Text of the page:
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7 of the Oldest Inventions in Human History

These are the oldest invention in human history
Credit: CC0, Nathan McCord, U.S. Marine Corps

This series of innovations and inventions over the millions of years has made our lives easier. These inventions contributed to the scientific and technological advancement of the human race. These tools undoubtedly made this world a better place to live in. Here are the seven oldest inventions in human history.

Stone Tools

The hand ax, chopping tools, and others like it are the oldest tools on display in the British Museum. The first-ever known technological invention was found in a human campsite in Tanzania, Africa. It is around 1.8 million years old.

The hard stone formation was good for cutting branches of trees, cutting meat from big animals, and smashing bones for the marrow. They were usually shaped like a pear or a teardrop, and their use spread across a wide geographical area from Africa to South Asia, the Middle East, and even Europe.


Our human ancestors learned to start and control fire during the Lower Paleolithic age, or around 300,000 years ago. Fire helped the people stay warm, keep animals at bay during the night, and of course, cook food. The earliest signs of fires made by human beings are from Gesher Benot Ya’akov, an open-air site in the Jordan Valley of Israel.


Archeologists found one of the best-preserved shoes in the Areni-1 Cave in Armenia, dating back about 5,500 years. However, according to some scholars, the evidence of shoes being worn by humans comes from the Tianyuan Cave in China, around 40,000 years ago.

Ceramic Containers

Pottery fragments from Xianrendong, Chine are the earliest evidence of clay vessels. Several other clay figurines have also been excavated, and they date back to 20,000 years ago. These vessels could carry water and help for cooking stews.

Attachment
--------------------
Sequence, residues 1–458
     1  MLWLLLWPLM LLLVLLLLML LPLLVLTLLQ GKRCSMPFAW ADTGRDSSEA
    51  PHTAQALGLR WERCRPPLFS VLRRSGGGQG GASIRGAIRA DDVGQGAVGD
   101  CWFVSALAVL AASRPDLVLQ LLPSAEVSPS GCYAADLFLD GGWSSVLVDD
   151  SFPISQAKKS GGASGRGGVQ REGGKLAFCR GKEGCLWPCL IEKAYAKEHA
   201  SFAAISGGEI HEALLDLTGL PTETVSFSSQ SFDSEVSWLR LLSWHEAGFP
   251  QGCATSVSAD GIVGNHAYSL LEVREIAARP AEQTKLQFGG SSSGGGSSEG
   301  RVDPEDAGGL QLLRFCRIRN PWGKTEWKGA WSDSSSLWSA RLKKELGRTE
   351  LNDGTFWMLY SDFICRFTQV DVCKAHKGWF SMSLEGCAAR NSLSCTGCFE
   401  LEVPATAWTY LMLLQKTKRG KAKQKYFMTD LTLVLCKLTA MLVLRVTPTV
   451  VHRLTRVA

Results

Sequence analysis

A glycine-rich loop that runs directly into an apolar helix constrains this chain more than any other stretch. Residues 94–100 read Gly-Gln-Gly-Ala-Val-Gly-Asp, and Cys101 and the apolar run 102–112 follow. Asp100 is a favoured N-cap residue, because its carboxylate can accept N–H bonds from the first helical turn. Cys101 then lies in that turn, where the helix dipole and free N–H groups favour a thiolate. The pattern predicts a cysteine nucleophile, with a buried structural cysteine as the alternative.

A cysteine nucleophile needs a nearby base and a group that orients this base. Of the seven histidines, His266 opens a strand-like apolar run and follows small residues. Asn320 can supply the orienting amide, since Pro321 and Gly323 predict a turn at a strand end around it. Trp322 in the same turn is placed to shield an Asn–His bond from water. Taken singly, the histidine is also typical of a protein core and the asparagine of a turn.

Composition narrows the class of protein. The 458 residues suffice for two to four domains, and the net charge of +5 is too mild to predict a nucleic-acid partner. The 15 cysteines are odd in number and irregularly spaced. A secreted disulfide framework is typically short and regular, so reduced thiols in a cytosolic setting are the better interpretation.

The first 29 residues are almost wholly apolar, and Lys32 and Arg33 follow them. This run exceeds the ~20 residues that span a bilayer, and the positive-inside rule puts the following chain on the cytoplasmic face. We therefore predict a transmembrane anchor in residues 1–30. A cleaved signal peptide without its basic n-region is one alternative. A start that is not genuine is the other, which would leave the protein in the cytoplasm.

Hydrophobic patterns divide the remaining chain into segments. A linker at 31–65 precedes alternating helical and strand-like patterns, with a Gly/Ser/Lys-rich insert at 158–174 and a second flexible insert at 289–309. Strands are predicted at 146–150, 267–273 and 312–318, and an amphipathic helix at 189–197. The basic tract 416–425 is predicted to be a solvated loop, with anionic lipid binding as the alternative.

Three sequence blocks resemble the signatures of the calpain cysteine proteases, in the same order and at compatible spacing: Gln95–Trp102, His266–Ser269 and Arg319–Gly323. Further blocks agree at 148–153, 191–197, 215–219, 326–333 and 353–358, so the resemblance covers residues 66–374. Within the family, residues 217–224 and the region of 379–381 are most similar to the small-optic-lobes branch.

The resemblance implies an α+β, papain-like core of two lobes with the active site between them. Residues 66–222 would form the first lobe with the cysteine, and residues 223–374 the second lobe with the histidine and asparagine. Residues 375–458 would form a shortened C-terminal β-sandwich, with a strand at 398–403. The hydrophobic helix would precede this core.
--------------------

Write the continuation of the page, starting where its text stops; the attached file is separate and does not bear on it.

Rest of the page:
It is difficult to find textiles during archeological excavations, but the earliest evidence that points to the use of cloth to make bags, baskets, and fishing nets from twisted, cut, and dyed fibers comes from the Georgian site, Dzuduzana cave. The proof of textiles is based upon circumstantial evidence in the form of loom weights, spindle whorls, and net sinkers from a fishing village. The evidence found was between 36,000 to 30,000 years old.


Perforated shell beads found from several sites in Africa and the Near East, such as the Skhul Cave in Israel (100,000 to 135,000 years ago), are the earliest art forms. A set of paint pots made from seashells was found at Blombos Cave in South Africa. Historians dated this discovery back to over 100,000 years ago. Cave paintings from the Upper Paleolithic age of Europe are also the first illustration art form (40,000 years ago).


Three thousand years before Christ, the Egyptians made paper from the papyrus plant. They invented pens and ink from soot and beeswax to write on paper. These writings are still intact and readable even after more than 5,000 years!


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